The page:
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Unfortunately, evidently not everyone is capable of flexible thinking. A small but vocal group of extremist reform “advocates” led by a Singapore-based OFW named Orion Perez Dumdum and ironically calling itself the “CoRRECT” Movement has recently raised the intensity of attacks against critics of Dumdum’s prescription for reform, which includes a shift to a Parliamentary system of government, reconfiguring the present unitary system of administration to a Federal system, and removing all restrictions to foreign ownership and investment in the Constitution and other laws. Although no one has been spared, most of the vitriol from Dumdum and his small core group of followers has been directed against the group behind the long-running and popular Get Real Post website (http://getrealphilippines.com/), which has published an extensive series of articles (several of them authored by yours truly) critical of the “CoRRECT” agenda over the past three years.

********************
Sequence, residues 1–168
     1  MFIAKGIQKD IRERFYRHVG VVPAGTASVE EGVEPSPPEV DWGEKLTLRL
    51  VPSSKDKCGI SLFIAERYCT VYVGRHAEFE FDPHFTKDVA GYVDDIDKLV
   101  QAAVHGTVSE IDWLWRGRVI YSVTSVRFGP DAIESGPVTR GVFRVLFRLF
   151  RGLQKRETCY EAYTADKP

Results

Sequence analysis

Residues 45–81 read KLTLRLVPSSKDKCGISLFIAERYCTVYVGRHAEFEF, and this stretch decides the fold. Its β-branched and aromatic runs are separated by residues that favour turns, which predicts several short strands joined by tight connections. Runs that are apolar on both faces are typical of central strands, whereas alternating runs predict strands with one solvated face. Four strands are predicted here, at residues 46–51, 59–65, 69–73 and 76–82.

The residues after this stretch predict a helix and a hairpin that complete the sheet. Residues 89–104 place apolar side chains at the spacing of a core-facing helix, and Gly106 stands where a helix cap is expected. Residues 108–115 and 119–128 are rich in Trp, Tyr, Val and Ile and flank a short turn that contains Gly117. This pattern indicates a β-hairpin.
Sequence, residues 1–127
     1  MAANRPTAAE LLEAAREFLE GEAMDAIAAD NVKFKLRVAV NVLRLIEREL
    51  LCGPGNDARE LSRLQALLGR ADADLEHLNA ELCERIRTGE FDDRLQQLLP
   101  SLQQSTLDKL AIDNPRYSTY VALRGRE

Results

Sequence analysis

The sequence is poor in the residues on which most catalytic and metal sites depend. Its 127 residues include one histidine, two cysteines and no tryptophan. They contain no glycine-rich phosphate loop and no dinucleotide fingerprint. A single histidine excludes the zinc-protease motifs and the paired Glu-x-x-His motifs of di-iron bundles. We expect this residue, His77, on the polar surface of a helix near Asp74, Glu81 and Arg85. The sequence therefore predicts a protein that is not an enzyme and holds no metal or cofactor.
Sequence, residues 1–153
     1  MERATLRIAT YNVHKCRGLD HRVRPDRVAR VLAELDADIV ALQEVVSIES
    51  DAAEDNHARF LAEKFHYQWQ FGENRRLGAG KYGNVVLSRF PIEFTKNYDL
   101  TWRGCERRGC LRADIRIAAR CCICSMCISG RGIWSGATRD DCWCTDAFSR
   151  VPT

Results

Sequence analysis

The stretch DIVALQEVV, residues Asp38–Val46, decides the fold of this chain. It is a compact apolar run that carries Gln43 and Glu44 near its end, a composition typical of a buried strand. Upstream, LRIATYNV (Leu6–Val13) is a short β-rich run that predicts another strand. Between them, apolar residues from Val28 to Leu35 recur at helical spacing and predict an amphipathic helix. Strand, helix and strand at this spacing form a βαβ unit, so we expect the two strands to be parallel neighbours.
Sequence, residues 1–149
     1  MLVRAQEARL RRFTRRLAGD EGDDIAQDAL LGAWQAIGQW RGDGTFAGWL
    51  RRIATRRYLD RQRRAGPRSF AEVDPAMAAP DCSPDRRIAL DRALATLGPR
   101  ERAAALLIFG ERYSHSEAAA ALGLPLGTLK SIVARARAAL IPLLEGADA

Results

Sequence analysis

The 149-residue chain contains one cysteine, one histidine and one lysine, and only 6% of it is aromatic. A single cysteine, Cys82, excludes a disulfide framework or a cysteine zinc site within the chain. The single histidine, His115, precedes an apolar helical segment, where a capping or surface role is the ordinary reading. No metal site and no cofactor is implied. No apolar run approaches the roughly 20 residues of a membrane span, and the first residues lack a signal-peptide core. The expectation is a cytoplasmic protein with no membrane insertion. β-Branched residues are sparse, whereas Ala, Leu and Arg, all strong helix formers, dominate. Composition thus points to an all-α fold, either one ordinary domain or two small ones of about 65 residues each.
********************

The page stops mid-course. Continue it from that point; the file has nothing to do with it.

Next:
The Get Real Philippines group (the collective authors of the Get Real Post, among of which, in the interest of full disclosure, I am considered a part of the “inner circle”) evolved from a loose affiliation of like-minded participants in the old Pinoy Exchange forum more than a decade ago, and despite efforts to pigeonhole the group into a defined agenda, such as characterizing it as “anti-establishment”, Get Real has studiously avoided developing a particular political orientation or imposing one on others. Although most of the group’s published output, which is extensive, is harshly critical of the current Administration (as it was of the previous Administration) and the country’s political system, if there is any sort of identifiable group ideology, it is a general understanding that the flaws and failures of the Philippines – and the likely solutions to those problems – have social and cultural causes rather than political ones, the latter being mere manifestations of deeper and more complex issues.